Mr. Black gave it as his opinion that, where owing to resignations there were no Federal judges in a State to issue judicial process, nor officers to execute it, the use of Federal troops would be illegal, since these were intended to aid the courts and marshals, not to replace them. He, therefore, concluded:

"If it be true that war cannot be declared, nor a system of general hostilities carried on, by the central Government against a State, then it seems to follow that an attempt to do so would be ipso facto an expulsion of such State from the Union. Being treated as an alien and an enemy, she would be compelled to act accordingly. And, if Congress shall break up the present Union by unconstitutionally putting strife, and enmity, and armed

hostility between different sections of the country, instead of the "domestic tranquillity" which the Constitution was meant to insure, will not all the States be absolved from their Federal obligations? Is any portion of the people bound to contribute their money or their blood to carry on a contest like that?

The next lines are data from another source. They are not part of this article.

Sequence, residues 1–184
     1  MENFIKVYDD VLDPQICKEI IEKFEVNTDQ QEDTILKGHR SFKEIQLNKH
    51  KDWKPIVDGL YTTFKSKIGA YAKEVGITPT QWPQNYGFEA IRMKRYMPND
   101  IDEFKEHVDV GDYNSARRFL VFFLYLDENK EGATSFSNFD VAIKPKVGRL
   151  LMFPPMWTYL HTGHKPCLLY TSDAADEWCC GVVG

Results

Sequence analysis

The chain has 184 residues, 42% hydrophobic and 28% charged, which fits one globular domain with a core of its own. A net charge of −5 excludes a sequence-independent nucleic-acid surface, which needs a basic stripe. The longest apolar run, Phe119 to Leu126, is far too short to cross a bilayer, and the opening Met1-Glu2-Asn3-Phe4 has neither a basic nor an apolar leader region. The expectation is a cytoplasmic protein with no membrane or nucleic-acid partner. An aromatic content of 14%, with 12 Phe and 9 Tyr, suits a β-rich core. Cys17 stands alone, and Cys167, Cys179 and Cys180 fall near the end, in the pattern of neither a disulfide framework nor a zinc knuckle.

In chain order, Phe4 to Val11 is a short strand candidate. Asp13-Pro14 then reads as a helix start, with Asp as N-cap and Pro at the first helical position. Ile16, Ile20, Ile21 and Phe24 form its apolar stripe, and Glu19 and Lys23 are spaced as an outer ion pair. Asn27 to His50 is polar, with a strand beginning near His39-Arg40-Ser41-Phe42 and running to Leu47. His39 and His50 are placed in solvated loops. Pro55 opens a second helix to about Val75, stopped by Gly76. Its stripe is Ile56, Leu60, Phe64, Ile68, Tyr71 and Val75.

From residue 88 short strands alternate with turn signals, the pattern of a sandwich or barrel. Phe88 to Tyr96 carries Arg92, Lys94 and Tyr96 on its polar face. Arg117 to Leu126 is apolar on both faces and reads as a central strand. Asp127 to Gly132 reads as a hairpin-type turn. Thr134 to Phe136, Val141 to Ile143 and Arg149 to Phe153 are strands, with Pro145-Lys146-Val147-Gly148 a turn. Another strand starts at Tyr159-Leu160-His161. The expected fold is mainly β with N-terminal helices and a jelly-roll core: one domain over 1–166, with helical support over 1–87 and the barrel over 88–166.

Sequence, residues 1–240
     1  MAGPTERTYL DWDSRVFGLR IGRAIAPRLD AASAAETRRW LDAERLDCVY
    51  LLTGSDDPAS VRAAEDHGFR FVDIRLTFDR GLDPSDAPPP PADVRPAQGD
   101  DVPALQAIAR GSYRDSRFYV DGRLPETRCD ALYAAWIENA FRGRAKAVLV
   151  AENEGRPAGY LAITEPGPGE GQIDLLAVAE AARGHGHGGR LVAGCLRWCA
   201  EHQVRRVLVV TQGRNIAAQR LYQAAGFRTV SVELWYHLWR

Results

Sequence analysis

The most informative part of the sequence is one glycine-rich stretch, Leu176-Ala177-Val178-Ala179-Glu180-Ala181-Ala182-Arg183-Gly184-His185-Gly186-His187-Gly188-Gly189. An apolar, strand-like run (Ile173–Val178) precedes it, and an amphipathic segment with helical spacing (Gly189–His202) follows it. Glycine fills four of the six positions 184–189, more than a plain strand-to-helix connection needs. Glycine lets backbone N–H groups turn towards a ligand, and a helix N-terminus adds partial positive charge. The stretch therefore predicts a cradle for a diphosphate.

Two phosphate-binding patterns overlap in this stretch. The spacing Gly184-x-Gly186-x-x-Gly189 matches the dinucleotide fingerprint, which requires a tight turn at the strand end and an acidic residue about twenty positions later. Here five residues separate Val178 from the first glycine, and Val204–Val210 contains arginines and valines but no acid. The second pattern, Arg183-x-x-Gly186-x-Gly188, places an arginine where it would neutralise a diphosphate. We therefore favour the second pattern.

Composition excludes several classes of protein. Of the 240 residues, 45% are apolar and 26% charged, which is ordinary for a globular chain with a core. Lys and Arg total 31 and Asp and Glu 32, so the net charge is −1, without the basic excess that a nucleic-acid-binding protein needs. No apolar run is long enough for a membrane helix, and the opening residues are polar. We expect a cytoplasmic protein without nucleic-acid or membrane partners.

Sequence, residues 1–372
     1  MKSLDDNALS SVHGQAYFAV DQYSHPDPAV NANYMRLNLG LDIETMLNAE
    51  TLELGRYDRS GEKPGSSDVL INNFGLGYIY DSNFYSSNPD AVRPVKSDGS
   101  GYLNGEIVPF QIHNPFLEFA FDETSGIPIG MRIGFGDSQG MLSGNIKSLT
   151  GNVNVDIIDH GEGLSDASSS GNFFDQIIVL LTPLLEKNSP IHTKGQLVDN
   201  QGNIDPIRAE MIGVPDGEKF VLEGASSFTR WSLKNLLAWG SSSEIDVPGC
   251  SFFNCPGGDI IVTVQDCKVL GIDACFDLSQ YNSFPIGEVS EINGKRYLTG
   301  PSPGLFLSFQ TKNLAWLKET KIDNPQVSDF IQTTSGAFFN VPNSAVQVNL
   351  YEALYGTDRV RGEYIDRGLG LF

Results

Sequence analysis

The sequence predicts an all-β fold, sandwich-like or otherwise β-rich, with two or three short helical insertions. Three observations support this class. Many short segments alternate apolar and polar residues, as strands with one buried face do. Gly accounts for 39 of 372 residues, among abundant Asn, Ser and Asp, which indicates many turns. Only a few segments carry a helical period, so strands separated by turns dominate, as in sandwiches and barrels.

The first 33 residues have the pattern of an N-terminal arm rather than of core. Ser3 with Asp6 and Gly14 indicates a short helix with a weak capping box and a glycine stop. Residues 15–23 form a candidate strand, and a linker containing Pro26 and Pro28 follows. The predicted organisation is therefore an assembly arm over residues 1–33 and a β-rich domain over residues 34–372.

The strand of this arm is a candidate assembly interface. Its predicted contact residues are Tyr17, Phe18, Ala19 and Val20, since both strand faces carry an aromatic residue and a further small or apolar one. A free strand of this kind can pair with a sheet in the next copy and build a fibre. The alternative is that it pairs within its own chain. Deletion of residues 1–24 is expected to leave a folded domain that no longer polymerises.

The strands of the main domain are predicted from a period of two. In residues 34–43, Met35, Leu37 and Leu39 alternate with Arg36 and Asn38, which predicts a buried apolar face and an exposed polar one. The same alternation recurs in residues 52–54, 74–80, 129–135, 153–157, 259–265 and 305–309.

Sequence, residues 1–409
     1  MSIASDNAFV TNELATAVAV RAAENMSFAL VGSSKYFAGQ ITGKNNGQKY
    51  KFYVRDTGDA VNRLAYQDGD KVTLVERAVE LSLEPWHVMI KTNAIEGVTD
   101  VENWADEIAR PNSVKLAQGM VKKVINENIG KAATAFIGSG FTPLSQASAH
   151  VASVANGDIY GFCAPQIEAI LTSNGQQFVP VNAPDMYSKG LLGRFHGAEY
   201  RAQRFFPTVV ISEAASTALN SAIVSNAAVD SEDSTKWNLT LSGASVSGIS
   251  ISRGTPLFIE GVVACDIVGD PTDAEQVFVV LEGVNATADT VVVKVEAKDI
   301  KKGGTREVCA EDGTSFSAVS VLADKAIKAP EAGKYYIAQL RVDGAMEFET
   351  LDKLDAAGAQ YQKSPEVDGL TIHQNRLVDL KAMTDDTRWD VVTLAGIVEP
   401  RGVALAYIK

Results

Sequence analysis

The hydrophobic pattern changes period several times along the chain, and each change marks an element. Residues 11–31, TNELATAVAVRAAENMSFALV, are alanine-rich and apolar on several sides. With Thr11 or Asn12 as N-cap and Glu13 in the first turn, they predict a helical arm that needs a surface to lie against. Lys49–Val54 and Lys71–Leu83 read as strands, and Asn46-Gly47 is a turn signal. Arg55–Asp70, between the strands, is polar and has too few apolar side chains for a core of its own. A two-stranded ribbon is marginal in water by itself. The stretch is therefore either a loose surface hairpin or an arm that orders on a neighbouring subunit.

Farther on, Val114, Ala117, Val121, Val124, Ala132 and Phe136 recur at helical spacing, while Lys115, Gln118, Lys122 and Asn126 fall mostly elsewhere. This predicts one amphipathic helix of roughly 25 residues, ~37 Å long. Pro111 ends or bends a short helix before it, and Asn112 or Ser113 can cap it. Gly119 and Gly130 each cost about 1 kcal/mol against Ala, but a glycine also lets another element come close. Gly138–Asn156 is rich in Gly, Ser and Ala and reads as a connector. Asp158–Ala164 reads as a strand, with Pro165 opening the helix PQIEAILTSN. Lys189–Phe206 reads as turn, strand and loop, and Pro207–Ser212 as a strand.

"The right of the general Government to preserve itself in its whole constitutional vigor, by repelling a direct and positive aggression upon its property or its officers, cannot be denied. But this is a totally different thing from an offensive war to punish the people for the political misdeeds of State governments, or to prevent a threatened violation of the Constitution, or to enforce an acknowledgment that the Government of the United States is supreme. The States are colleagues of one another; and, if some of them should conquer the rest and hold them as subjugated provinces, it would totally destroy the whole theory upon which they are now connected.